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    The need for reforms in South Africa’s auditor liability regime

    In the 2013 Report on the Observance of Standards and Codes (ROSC Report), one of the recommendations provided was the need for South Africa to consider enacting a law that would allow audit firms to organise as limited liability partnerships (LLPs). A lot of jurisdictions across the world have, since the 1990s, passed legislation allowing their audit firms to become LLPs. This includes both developed and developing economies. Thandokuhle Myoli, project director: audit and assurance at the South African Institute of Chartered Accountants, provides more information on this matter.
    Thandokuhle Myoli, project director: audit and assurance at SAICA
    Thandokuhle Myoli, project director: audit and assurance at SAICA

    What is the significance of this? In an LLP, the personal assets of an audit firm’s non-negligent partners are protected in the case where a negligent partner has a lawsuit brought against him or her. LLP legislation, however, offers no protection to the personal assets of negligent partners or those assets belonging to the audit firm.

    In South Africa, the Auditing Professions Act, 2005 (APA) regulates the auditing profession. Section 38(3)(a) of the APA requires that for incorporated companies, the memorandum of incorporation should provide that the company’s directors and past directors shall be liable jointly, together with the company, for its debts and liabilities contracted during their periods of office. This implies that in cases of audit failure brought about by one or more directors in the firm, the entire firm and the other directors who may not be guilty could have their personal assets in jeopardy in the case where the firm assets are not enough to cover the obligation.

    Earlier in the year, National Treasury gazetted new maximum fines for auditors and audit firms. These maximum fines have increased significantly compared to the previous fines that IRBA was previously permitted to administer. The new maximum fines increase the risk of exposure of the personal assets of the partners and directors under the current liability regime. Under the current regime, all partners or directors in an audit firm are responsible for all debts of the firm irrespective of whether only one negligent partner or director created them. If the firm does not have sufficient assets and insurance to cover debts, the personal assets of the other directors or partners may be required to settle the debts.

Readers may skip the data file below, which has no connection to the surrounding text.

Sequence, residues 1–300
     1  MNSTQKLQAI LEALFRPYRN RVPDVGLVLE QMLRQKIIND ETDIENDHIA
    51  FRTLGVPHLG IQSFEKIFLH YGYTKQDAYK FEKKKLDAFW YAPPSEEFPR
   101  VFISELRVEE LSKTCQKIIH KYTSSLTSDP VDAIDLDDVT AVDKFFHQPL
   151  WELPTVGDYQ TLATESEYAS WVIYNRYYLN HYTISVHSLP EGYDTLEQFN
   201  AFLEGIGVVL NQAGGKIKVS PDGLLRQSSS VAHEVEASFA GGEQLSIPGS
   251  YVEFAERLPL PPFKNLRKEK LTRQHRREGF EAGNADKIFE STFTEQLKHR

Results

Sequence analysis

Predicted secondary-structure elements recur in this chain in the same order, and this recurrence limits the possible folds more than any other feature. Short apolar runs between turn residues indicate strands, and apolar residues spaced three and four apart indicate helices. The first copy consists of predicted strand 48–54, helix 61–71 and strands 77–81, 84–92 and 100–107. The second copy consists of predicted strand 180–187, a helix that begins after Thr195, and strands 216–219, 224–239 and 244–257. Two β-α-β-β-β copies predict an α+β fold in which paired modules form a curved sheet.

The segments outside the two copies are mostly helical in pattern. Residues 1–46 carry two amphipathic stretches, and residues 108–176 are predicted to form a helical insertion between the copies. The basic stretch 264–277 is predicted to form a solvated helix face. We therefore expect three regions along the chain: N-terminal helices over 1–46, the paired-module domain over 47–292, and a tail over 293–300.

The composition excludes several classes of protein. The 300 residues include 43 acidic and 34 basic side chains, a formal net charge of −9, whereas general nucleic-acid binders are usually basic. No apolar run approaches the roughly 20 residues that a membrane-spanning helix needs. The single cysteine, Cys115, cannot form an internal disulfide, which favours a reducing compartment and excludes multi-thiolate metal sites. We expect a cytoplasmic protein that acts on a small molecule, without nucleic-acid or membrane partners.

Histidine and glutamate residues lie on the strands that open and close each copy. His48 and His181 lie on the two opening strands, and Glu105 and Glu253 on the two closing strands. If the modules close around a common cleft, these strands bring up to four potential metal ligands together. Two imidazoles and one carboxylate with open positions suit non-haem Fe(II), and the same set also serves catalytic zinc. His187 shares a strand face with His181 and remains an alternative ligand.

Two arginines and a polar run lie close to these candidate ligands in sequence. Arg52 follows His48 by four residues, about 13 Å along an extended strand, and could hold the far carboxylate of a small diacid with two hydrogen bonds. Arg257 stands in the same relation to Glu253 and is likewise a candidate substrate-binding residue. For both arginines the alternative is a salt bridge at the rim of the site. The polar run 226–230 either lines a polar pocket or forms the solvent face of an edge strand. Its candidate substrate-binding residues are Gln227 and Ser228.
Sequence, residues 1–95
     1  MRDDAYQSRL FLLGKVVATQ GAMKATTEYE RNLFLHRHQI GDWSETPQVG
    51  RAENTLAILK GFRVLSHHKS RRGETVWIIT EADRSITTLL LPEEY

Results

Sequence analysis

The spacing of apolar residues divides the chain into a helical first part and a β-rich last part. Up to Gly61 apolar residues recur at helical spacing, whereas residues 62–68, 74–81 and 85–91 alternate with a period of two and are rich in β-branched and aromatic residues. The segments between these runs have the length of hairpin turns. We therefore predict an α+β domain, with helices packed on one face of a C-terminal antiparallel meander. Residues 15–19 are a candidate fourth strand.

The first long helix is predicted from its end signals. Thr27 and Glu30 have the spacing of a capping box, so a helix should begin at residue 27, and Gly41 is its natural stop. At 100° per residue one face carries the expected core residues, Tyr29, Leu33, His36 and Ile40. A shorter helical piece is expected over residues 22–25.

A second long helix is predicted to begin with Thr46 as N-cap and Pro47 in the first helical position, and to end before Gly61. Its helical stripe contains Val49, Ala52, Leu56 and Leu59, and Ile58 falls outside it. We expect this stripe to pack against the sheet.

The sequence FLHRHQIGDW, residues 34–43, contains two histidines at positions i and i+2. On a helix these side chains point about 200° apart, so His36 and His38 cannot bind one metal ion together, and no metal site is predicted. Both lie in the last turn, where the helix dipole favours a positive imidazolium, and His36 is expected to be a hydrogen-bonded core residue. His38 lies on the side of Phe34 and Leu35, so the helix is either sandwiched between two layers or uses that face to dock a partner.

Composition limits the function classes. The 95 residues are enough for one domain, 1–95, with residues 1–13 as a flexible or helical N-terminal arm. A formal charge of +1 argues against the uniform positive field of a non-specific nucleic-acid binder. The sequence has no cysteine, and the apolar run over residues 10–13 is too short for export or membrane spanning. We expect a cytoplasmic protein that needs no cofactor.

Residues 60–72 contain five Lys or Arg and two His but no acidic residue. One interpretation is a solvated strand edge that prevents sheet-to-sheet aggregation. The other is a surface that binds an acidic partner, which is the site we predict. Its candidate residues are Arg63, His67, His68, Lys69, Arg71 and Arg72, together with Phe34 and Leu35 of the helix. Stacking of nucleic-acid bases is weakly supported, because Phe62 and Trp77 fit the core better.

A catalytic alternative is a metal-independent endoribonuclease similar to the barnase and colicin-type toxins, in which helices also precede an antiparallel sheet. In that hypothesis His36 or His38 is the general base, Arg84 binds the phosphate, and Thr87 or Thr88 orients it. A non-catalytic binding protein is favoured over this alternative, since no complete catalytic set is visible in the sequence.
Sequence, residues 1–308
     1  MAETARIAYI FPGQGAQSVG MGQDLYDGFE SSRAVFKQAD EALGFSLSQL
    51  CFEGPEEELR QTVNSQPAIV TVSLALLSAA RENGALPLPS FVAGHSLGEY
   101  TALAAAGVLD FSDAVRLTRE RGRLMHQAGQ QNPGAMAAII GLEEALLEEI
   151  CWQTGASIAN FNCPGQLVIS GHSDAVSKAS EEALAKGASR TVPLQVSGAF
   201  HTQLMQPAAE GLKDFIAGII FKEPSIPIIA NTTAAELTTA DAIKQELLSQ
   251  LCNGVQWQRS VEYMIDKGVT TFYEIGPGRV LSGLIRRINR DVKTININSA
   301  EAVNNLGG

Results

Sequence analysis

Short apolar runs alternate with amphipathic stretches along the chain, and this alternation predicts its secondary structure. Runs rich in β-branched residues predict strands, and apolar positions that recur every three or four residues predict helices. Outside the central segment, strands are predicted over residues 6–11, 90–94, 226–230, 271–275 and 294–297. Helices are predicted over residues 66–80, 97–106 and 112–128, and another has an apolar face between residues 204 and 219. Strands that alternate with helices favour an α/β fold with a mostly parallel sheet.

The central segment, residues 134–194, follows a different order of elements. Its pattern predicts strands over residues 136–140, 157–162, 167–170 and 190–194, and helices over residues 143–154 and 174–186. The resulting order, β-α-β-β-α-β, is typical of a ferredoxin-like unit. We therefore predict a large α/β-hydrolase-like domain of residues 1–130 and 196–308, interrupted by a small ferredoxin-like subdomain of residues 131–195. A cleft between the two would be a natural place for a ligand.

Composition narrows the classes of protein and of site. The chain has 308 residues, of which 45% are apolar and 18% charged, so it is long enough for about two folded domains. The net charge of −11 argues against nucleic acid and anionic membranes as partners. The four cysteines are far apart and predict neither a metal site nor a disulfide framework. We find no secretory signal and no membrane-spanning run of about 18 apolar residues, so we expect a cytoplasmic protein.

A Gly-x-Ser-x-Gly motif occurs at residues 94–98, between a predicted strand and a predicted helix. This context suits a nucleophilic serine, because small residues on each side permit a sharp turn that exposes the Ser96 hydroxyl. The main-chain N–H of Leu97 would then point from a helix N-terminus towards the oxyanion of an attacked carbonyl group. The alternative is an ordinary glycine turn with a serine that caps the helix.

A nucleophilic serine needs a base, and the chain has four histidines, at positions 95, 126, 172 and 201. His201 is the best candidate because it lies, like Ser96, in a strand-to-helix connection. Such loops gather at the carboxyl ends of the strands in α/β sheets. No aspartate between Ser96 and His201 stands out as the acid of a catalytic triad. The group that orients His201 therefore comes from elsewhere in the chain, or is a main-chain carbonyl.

Within an LLP, limits may be placed on the liability to be borne by innocent partners, therefore protecting their personal assets from the negligence of other partner(s) within the firm. The current liability regime in South Africa may be a significant deterrent to the attraction and retention of skilled auditors in the profession. South African auditors are sought after in various jurisdictions across the world due to their expertise. While there may be other factors in the decision-making process on whether to apply one’s trade abroad or not, the issue of liability regime for auditors may certainly be an important contributing factor as well.

    It is in the interest of the sustainability of the profession to protect auditors from the wrongdoing and malfeasance of their fellow professionals. An LLP regime could potentially address this situation. Developing a suitable LLP framework for South African audit firms will require input from all affected stakeholders as it should not result in a situation where the protection afforded to auditors outweighs any public interest considerations. As indicated by the ROSC Report, it is important that South Africa considers reforms to its current unlimited liability auditor liability regime.

    About Thandokuhle Myoli

    Thandokuhle Myoli is project director: audit and assurance at SAICA
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